The site of the Danbury Fair Mall is the largest commercial zone in the Housatonic Valley Region. While this site currently allows only commercial uses, it occupies an important place in the region due to its geographical location and its immediate adjacencies to an airport, highway, and railway. Like many American cities, Danbury Connecticut has relinquished the role of place-maker to the highway engineer and zoning department. The new mono-functional zoned districts ignore all senses of public realm, human scale and local tradition. In so doing, they fail to instill a “pride of place” within their owners and users. This thesis contends that the City of Danbury has stopped creating places where people can live fulfilling lives; one symptom of which is that they have been disconnected from the notion of a local and regional community. In other words, as more houses are constructed to accommodate new residents, the distances from the historic town center are only lengthening and the resemblances to a New England community are quickly vanishing. In Connecticut, new centers are not being created and the vast majority of new architecture fails to communicate a sense of place. On the site and its surrounding areas, I will propose a new district designed within the context of New England vernacular urbanism and architecture as a model and alternative for future expansion, and the mixed-use redevelopment of mono-functional commercial zones. The intent of this thesis is to explore the relationship between a sense of place and the means to its restoration after its long negation by contemporary planning conventions.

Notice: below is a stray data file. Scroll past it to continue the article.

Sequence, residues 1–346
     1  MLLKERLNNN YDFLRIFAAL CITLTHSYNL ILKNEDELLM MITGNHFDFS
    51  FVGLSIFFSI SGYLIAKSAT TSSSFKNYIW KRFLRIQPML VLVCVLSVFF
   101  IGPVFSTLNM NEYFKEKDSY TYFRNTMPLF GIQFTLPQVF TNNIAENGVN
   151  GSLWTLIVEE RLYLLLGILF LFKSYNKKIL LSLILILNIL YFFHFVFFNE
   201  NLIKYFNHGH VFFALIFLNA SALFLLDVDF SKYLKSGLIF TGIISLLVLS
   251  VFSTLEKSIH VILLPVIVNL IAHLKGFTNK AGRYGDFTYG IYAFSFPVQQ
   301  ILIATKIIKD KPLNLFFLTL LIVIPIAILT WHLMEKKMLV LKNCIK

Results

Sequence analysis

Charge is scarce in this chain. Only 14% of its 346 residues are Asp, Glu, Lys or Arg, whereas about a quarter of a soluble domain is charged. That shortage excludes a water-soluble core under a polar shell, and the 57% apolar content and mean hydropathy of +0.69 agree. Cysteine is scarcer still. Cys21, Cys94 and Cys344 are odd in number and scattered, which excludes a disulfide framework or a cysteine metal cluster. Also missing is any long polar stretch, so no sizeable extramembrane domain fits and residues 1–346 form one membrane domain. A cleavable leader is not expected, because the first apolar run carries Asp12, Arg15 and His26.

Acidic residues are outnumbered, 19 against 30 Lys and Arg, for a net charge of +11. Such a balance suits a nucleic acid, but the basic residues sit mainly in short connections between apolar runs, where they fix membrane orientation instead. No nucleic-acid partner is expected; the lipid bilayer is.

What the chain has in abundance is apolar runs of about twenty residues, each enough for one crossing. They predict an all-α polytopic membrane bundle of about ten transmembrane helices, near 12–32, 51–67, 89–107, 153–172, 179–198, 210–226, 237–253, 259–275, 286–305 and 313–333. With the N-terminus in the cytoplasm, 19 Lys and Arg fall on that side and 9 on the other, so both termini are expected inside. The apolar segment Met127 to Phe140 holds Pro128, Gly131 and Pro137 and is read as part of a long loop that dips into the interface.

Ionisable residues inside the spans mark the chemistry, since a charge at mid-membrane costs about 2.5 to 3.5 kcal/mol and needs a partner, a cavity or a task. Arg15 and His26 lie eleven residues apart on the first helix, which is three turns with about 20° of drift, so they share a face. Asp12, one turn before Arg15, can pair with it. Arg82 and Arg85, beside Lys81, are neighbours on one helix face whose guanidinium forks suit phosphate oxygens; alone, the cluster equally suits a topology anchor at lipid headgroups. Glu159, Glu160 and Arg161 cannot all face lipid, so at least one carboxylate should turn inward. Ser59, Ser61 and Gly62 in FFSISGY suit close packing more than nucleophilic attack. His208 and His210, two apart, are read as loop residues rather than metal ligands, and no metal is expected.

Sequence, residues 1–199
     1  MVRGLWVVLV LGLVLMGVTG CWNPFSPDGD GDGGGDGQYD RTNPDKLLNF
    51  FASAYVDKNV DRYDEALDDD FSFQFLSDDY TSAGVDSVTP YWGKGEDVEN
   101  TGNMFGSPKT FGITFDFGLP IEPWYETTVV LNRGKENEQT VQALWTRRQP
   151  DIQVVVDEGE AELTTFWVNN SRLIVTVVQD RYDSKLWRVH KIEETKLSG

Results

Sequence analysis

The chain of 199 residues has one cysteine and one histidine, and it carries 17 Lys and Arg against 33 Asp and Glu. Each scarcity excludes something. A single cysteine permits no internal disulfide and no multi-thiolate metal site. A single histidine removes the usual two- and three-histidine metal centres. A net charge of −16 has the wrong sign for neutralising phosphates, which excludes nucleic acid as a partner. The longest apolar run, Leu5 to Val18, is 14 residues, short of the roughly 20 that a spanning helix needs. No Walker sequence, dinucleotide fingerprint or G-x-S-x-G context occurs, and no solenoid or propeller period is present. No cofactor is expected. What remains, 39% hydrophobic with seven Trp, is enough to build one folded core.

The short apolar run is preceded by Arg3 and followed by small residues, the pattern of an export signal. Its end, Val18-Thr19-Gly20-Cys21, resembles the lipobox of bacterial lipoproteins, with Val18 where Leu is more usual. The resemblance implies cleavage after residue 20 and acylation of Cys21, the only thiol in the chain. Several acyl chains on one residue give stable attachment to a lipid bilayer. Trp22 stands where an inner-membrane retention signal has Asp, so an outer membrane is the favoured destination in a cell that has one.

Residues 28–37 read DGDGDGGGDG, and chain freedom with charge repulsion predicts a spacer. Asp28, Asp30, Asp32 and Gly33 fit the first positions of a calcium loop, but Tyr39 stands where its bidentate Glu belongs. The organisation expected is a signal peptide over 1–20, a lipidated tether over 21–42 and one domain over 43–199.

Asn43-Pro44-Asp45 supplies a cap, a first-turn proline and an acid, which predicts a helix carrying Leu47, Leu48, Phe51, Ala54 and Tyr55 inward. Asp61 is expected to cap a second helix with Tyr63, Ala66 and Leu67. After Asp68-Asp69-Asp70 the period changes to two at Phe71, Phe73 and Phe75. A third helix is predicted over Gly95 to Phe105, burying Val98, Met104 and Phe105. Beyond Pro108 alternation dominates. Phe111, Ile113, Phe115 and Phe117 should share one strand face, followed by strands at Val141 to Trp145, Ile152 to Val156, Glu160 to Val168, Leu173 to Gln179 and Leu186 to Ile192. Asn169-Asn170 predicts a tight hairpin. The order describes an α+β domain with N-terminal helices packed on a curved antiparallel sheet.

|Author||Marina Christina Trejo|
|Contributor||Michael Lykoudis, Committee Chair|
|Degree Level||Master's Thesis|
|Degree Name||Master of Architectural Design and Urbanism|
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